A whale watching boat which sank, killing five Britons including a teenager and a 76-year-old man, had "an absolutely perfect safety record" in its two decades at sea, the vessel's owner said.
The boat, which was carrying 27 people, capsized near Vancouver Island off the west coast of Canada on Sunday, killing a woman and four men.
Twenty one people were rescued from the stricken vessel, while one person remains missing.
Barbara McLintock, from the British Columbia coroner's office, confirmed that the British victims included three male tourists and two British nationals who lived in Canada - one woman from British Columbia and a man from Ontario.
The victims included an 18-year-old man and another man aged 76, she said.
The boat, run by Jamie's Whaling Station, a local tour company, got into difficulty eight miles from the small town of Tofino, around 150 miles west of Vancouver.
Government investigators were due to arrive in the area to begin an enquiry.
The company's owner Jamie Bray said people were "traumatised" and in "disbelief" at what had happened.
He said: "This vessel has operated for 20 years with an absolutely perfect safety record. This is something just totally out of the blue.
"We just don't understand and we won't know the answers until the Transportation Safety Board finishes their investigations."
On its website, Jamie's Whaling Station says it offers tours in Tofino and Ucluelet on "state of the art high-speed, exhilarating zodiac-style vessels" for those who crave adventure, or, it adds, who wish to "relax aboard the west coast's largest cruiser style whale watching vessels, the 65ft Leviathan II in Tofino or Lady Selkirk in Ucluelet".
The boats can hold up to 47 passengers who can "watch whales in their natural environment".
Mr Bray said passengers on boats with enclosed compartments do not wear life jackets as it could make getting out of the vessel during a sinking difficult.
"On larger vessels we're not required to have the passengers wear the life jackets. On smaller open boats they are," he said.
Video footage online showed the boat Leviathan II, bobbing vertically in the water, with what appears to be a large section of it submerged below the waves after it went down at around 4pm local time (11pm GMT) on Sunday.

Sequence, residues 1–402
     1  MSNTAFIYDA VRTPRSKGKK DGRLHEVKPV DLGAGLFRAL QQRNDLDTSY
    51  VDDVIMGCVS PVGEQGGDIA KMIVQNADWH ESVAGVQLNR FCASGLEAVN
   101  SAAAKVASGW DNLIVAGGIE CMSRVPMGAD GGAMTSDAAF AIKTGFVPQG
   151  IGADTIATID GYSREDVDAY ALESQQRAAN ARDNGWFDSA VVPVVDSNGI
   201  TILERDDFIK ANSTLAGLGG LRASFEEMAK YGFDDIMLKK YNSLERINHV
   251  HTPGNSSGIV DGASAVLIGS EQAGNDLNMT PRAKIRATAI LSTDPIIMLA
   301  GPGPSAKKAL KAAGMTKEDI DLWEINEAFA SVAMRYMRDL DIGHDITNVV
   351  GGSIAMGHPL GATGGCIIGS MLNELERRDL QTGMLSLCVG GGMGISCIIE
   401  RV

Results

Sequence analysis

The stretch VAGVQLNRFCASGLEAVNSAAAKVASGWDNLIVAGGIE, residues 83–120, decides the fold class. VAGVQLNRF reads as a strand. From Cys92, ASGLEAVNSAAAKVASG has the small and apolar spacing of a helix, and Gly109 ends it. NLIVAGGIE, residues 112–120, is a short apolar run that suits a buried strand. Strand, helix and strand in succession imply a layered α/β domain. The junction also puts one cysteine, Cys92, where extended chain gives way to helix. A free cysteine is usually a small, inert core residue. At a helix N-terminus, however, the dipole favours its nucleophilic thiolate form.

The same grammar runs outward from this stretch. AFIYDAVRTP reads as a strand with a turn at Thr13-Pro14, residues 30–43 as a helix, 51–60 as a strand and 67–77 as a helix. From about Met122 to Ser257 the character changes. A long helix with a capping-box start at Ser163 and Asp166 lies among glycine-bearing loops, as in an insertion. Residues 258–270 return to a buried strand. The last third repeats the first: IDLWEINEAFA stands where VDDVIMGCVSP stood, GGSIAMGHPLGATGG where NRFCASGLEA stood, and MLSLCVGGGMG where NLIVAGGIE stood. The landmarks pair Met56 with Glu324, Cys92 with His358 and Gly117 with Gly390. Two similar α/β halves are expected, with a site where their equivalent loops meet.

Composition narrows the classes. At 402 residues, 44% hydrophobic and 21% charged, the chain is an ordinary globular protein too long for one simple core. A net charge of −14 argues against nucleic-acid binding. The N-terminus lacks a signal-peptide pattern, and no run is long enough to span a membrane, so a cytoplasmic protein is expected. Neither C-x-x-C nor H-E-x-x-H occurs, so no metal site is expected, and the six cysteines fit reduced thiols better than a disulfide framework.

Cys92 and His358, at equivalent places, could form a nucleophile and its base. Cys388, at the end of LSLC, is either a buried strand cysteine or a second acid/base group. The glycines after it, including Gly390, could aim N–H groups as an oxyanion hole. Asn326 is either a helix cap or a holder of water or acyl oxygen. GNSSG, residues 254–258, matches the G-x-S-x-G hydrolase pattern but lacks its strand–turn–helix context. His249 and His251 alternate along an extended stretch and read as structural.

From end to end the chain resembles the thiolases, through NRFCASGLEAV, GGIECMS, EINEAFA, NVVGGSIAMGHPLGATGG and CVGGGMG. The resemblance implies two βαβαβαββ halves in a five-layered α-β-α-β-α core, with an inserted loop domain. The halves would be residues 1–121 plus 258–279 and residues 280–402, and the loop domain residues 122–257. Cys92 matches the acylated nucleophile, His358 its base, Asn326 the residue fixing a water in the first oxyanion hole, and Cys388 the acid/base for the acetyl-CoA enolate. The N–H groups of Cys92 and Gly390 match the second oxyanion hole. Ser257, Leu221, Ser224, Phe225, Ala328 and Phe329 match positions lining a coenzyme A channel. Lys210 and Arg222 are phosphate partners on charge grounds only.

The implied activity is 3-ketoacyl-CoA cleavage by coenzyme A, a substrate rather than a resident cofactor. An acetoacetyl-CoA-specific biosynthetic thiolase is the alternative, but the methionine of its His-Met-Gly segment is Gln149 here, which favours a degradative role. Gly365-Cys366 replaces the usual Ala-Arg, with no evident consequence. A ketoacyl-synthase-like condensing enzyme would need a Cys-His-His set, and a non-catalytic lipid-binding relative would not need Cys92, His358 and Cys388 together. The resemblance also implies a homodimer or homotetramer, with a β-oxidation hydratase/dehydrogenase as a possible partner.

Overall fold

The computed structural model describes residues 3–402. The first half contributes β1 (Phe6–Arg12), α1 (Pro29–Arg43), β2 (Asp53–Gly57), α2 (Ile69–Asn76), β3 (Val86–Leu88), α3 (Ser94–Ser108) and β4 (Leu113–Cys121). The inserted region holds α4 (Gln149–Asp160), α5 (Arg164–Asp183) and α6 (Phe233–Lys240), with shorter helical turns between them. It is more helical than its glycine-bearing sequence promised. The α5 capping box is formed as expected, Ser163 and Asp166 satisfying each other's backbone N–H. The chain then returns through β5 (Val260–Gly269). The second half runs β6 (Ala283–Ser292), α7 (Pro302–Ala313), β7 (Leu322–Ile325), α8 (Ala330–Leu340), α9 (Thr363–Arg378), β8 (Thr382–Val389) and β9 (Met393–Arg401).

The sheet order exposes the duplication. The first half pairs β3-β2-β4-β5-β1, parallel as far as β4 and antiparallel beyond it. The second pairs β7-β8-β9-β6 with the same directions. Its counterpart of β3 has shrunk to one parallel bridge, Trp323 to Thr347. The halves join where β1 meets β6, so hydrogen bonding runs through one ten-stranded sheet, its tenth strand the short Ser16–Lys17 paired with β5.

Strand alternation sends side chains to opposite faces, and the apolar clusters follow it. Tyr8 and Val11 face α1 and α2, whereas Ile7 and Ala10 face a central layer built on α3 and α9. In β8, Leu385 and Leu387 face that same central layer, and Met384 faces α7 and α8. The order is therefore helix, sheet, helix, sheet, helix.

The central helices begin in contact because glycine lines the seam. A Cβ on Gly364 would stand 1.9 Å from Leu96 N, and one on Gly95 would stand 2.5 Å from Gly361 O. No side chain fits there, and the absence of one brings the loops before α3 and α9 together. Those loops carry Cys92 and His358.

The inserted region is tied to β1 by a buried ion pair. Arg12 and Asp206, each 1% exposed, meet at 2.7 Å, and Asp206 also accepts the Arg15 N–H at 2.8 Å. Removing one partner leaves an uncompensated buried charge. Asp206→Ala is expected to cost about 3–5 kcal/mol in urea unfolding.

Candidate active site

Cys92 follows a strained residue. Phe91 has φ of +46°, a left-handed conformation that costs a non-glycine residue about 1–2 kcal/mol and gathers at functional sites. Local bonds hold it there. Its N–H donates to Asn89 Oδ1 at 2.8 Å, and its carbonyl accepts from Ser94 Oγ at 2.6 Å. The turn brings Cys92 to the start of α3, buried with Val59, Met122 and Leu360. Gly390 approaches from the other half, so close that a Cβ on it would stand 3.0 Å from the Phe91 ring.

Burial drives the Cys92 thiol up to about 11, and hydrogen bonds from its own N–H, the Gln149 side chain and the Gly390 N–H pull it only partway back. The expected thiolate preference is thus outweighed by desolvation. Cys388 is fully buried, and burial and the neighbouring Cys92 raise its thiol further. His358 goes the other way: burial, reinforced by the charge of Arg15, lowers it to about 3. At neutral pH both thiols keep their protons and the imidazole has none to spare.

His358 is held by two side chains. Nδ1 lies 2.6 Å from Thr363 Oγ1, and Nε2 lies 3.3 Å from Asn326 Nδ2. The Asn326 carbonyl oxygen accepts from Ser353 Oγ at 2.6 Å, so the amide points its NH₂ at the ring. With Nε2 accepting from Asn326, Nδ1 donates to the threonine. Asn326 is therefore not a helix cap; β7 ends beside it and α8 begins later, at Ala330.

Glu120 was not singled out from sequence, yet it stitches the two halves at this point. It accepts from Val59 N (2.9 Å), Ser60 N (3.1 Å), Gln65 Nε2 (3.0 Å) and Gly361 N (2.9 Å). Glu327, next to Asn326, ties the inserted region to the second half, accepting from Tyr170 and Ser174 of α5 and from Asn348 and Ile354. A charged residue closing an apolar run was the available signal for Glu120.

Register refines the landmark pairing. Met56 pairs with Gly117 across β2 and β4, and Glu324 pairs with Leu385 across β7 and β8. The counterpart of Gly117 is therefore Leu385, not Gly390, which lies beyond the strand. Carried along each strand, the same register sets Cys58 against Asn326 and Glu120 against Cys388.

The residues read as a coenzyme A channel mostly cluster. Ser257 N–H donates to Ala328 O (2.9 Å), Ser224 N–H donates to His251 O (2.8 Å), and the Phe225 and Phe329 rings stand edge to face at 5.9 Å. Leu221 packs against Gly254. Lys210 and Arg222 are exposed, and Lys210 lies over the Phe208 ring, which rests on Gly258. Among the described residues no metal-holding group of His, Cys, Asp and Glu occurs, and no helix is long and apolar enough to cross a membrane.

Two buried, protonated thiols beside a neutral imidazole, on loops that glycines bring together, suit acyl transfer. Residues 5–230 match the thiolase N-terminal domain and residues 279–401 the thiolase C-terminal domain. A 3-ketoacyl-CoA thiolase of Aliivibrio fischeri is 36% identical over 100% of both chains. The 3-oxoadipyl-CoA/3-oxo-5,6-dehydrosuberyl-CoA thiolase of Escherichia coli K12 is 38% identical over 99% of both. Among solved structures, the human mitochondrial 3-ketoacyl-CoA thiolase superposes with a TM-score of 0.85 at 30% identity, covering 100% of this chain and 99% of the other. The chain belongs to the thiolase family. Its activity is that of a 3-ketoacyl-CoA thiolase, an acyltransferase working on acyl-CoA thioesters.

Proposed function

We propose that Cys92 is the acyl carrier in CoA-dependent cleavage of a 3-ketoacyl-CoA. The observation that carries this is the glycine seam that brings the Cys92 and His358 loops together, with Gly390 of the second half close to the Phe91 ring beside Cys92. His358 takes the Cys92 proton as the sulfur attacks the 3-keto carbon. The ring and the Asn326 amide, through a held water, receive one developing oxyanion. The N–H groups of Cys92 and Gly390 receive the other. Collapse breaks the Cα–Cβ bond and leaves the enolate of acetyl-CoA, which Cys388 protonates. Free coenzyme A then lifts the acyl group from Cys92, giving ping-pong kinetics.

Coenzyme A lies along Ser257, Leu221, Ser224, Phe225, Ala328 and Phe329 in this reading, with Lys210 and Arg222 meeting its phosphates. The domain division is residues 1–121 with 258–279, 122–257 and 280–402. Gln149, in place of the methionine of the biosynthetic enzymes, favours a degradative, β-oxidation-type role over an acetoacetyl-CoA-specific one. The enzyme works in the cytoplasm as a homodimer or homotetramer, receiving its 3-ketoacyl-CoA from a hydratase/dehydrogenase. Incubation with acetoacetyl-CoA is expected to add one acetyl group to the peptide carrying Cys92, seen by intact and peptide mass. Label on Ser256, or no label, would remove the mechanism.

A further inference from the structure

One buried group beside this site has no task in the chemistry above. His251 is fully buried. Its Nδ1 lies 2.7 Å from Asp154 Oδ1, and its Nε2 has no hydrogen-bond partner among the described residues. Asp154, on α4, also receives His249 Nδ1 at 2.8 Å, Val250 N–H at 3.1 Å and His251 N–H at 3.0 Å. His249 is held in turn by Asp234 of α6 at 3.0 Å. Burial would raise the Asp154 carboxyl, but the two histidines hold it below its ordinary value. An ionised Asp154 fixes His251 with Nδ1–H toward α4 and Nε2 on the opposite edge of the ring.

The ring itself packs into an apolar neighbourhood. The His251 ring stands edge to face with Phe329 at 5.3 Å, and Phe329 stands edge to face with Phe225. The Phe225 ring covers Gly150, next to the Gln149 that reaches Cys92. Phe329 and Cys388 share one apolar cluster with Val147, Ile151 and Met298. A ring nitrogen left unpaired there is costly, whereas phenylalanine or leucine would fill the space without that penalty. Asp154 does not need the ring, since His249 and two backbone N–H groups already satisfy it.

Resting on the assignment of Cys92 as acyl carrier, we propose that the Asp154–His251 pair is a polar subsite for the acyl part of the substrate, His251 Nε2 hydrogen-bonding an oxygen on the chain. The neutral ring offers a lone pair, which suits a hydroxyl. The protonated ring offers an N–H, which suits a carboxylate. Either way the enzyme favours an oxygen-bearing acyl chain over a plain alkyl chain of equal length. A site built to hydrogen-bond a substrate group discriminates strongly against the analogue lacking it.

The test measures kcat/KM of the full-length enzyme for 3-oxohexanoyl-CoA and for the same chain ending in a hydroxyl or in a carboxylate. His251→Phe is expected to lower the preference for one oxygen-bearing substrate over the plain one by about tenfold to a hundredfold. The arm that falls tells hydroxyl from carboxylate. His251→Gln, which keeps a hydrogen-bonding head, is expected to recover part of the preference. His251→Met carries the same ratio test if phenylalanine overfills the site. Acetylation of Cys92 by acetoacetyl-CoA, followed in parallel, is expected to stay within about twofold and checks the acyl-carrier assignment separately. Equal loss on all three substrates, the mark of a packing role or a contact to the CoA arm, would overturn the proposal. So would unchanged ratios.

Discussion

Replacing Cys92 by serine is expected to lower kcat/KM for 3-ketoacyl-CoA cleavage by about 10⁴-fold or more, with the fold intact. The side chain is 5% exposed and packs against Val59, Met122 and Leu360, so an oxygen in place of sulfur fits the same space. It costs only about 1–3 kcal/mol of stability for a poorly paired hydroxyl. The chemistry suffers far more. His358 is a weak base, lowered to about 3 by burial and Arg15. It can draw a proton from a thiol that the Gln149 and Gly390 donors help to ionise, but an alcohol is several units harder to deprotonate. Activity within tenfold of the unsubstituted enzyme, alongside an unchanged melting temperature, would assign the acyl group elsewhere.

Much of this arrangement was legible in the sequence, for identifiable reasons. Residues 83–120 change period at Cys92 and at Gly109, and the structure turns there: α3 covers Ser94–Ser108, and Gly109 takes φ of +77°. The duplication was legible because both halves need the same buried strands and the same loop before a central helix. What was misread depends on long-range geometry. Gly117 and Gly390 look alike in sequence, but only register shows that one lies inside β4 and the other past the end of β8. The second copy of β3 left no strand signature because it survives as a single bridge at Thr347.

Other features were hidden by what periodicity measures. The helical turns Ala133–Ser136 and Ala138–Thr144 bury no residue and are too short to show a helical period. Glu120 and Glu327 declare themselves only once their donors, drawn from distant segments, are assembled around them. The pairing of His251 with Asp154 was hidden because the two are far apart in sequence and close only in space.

The Associated Press reported that the company has suffered a previous fatal accident, with a boat capsizing in 1998, killing the captain and a tourist.
Foreign Secretary Philip Hammond said his thoughts are with the family and friends of those affected by Sunday's accident.
The Canadian prime minister-designate Justin Trudeau said he was "shocked and saddened" by the deaths, adding: "We thank all those, including our search and rescue officials, who responded swiftly with courage and professionalism.
"I know first-hand of this coastal area's natural beauty and the many people who visit here from all around the world.
"My thoughts and prayers are with the passengers, the crew, and their families at this most difficult time. We will continue to offer them support in the days ahead."
Lieutenant Paul Trenholm, from the Joint Rescue Coordination Centre in British Columbia, said people from nearby indigenous First Nation villages had been first on the scene.
He said: "Without the assistance of the First Nation community this could have been much worse."
Eyewitness Alec Dick, from nearby Ahousat, told Canada's Global News network: "They got swamped by a wave, it flipped their boat completely."
He added: "Our faster boats went out there, there were four of our local boats that transported 24 (people) to Tofino and some of them needed medical attention."
Asked if the people on board had had time to put life jackets on, he said: "I don't think they had time to do anything."
In a statement posted on the website, Mr Bray wrote: ''It has been a tragic day. Our entire team is heartbroken over this incident and our hearts go out to the families, friends and loved ones of everyone involved.
''We are doing everything we can to assist our passengers and staff through this difficult time.
''We are co-operating with investigators to determine exactly what happened.
''In the meantime, we want to extend our most sincere thank you to the first responders, rescue personnel, and everyone from Tofino and the local First Nations communities who assisted with the response efforts."